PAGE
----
‘We do not focus on winning here’
SEARCY, Ark. — Harding University’s longtime head football coach Ronnie Huckeba…
As a follower of Christ, I am increasingly conflicted about the game I love — football.
Since 2007, I have been blessed to write about the National Football League for a variety of publications. I spend about 13 hours per week researching and writing about all aspects of the game — free agency, the draft, training camp, fantasy football and everything in between. My articles have appeared in USA Today, fantasy football magazines (remember those?) and on a couple of websites.
Views | Jeff TefertillerIn football, there is a sense of community unlike any other sport. It unites players and fans from all backgrounds. People of all ages, sizes, races and religions come together to root for their team. People of affluence and influence share a love of the game with others from across the socio-economic spectrum.
At the University of Missouri, we’ve witnessed the power of football to effect change in a school’s administration.
Love of the game influences the vacations fans take and the TV packages they purchase. In a way, it reminds me of the kind of church Luke describes in Acts 2:44: “All the believers were together and had everything in common.” Faithful football fans have the opportunity to introduce others to the greater community of Christ.
But there’s also danger in our love of football. After Sunday worship, as we watch our favorite players, we can’t resist cheering when one delivers an eviscerating hit — a hit that leaves his opponent lying flat on the field. But that player has family and friends who vicariously feel the hit themselves, sitting in the stands or watching from home.
The days of just “getting your bell rung” or “having the cobwebs knocked loose” are long gone. We know that these hard hits take a toll on players amateur and professional.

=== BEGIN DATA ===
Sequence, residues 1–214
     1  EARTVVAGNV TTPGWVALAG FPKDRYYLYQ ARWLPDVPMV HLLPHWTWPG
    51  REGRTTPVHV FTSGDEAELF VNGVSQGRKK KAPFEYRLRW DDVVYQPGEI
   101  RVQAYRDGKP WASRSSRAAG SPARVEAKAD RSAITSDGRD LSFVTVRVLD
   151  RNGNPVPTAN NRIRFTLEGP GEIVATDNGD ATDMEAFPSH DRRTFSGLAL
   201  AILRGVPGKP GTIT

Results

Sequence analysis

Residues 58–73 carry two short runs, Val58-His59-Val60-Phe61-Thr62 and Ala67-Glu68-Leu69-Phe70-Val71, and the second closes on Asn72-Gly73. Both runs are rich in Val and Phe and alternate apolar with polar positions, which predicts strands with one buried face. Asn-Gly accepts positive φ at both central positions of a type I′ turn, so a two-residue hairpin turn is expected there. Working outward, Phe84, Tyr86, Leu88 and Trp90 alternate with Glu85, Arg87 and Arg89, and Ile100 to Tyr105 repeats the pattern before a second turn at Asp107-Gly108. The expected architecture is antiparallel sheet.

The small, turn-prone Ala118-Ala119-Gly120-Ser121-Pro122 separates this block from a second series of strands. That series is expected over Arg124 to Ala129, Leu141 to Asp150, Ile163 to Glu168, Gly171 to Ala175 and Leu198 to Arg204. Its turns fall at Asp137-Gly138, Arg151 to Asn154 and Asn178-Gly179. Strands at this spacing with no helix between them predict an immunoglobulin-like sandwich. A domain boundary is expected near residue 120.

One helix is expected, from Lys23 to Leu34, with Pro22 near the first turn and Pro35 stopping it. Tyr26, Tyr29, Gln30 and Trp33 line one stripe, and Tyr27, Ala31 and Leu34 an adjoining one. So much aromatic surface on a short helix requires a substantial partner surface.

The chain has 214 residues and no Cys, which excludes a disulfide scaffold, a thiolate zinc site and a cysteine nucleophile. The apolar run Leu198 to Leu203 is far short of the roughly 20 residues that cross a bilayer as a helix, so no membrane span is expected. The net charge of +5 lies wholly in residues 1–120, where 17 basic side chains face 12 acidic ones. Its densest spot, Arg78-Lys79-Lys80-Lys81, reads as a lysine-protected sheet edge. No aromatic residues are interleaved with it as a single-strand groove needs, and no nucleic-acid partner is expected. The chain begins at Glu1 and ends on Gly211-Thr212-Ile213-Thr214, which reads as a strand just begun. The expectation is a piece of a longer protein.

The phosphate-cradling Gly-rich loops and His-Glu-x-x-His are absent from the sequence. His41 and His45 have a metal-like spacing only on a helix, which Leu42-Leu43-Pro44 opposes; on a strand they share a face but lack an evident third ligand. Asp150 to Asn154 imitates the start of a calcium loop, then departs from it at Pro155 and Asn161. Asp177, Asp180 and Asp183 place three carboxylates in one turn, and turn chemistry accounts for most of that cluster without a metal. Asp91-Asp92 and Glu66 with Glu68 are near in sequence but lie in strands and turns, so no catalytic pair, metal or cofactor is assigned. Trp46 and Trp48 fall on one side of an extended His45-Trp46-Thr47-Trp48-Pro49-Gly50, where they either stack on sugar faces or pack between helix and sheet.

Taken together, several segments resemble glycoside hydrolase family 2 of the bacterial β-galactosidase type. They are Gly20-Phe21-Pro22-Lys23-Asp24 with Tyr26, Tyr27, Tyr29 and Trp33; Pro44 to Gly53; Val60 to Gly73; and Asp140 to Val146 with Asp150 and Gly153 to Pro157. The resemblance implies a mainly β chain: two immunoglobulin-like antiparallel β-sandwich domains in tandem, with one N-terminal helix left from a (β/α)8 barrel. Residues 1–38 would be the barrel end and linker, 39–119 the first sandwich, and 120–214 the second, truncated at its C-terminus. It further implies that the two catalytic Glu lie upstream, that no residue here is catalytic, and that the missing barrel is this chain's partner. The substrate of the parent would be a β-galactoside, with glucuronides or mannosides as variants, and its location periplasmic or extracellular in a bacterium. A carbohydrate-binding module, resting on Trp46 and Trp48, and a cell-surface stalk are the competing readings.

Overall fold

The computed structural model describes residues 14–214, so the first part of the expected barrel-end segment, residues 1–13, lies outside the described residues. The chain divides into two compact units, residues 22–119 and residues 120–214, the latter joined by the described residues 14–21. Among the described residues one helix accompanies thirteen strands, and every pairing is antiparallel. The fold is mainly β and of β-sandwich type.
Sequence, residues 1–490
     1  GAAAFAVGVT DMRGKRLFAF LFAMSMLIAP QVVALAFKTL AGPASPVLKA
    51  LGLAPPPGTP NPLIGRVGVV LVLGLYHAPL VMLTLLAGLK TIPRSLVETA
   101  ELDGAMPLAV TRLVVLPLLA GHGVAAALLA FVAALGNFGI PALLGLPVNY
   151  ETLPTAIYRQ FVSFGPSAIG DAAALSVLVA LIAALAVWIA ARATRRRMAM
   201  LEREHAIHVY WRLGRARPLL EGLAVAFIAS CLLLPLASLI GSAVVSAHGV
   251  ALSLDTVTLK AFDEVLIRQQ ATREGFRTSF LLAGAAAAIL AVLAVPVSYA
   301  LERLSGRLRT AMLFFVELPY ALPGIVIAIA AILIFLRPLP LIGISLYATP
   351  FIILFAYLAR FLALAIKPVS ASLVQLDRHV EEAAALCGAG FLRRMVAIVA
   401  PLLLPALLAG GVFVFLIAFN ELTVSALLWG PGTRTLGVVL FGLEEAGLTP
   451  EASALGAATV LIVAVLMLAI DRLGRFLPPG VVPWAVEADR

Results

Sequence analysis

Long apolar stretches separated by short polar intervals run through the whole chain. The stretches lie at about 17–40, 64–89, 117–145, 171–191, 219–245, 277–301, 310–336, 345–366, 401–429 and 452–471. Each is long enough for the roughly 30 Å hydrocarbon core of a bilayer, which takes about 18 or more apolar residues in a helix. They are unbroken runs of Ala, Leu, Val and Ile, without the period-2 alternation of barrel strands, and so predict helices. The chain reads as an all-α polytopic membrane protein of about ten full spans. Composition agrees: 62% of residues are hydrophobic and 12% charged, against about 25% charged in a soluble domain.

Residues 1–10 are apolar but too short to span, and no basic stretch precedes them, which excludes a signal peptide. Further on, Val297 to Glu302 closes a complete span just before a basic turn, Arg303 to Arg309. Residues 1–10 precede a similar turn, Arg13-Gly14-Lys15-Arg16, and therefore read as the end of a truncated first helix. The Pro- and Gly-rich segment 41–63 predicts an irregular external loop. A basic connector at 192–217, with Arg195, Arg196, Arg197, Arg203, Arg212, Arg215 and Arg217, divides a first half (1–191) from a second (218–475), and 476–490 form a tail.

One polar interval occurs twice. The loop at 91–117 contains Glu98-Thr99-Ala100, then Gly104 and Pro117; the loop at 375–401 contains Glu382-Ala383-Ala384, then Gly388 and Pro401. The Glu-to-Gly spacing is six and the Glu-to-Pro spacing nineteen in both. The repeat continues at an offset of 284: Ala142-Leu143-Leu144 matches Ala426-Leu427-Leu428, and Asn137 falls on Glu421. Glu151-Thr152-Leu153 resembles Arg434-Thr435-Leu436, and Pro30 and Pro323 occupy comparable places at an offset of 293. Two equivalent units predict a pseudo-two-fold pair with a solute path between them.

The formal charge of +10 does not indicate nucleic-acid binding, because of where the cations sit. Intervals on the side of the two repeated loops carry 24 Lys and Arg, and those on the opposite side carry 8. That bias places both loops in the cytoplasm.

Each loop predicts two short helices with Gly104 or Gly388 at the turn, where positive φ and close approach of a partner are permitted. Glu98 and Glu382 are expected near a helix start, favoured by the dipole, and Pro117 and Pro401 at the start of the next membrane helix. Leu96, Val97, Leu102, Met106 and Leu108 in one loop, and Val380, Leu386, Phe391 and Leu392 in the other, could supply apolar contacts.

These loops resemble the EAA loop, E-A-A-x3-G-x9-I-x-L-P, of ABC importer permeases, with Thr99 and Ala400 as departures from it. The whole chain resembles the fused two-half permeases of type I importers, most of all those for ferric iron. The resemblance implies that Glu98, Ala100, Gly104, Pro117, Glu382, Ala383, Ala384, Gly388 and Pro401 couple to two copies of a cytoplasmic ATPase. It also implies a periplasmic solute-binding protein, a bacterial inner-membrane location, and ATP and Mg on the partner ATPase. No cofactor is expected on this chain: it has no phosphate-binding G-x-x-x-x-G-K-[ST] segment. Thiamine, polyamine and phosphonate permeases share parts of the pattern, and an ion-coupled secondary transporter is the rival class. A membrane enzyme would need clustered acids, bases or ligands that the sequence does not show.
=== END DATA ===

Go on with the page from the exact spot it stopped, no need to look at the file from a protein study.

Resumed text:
For decades, former players have suffered from neurological ailments and other consequences of playing the game they love. The symptoms last for decades. The struggle to bring these devastating effects into the light is chronicled in the upcoming film “Concussion” starring Will Smith, who also acknowledges his conflict in loving the sport and knowing its dangers.
Often, I’m tasked with writing about the implications of a player’s change in circumstance — due to the way he performs (or fails to perform) on the gridiron or due to injury. I discuss the triumphs and disappointments of football.
It’s difficult to fathom the reality of a player whose career is suddenly over because of one vicious hit. It’s sobering.
Recently we mourned the loss of Ben Hamm, a junior linebacker for Wesleyan Christian School in Bartlesville, Okla., who died after suffering a head injury during a Friday night football game. He was a dedicated member of the Dewey Church of Christ.
“He was very passionate about life, passionate about his school, about football, about his family and — most importantly — he was passionate about God,” Rocky Clark, the school’s superintendent, told The Tulsa World.
His story is not unique. During that same week, two other high school football players died from injuries on the field. Schools across America have focused on training players how to hit — and to look for signs of concussions. And still this happens.
This game we love to watch devastates families.
What is the answer? Should we stop watching? Should I keep my own 10-year-old son from playing?
The conflict within me continues as the football season marches on.
George Wilson, safety for the Buffalo Bills, prays before a game against the New York Jets in 2009. (PHOTO BY ED YOURDON, VIA WIKIMEDIA COMMONS)
At the end of every NFL game, I am thankful to see players of both teams — who were bashing into each other only moments before — circle around midfield, hold hands and offer up a prayer to our Father.
As I pray for the safety of the players, I also pray for the opportunities we have to be the light of Christ to our fellow fans.
JEFF TEFERTILLER is a deacon of the Memorial Road Church of Christ in Oklahoma City.
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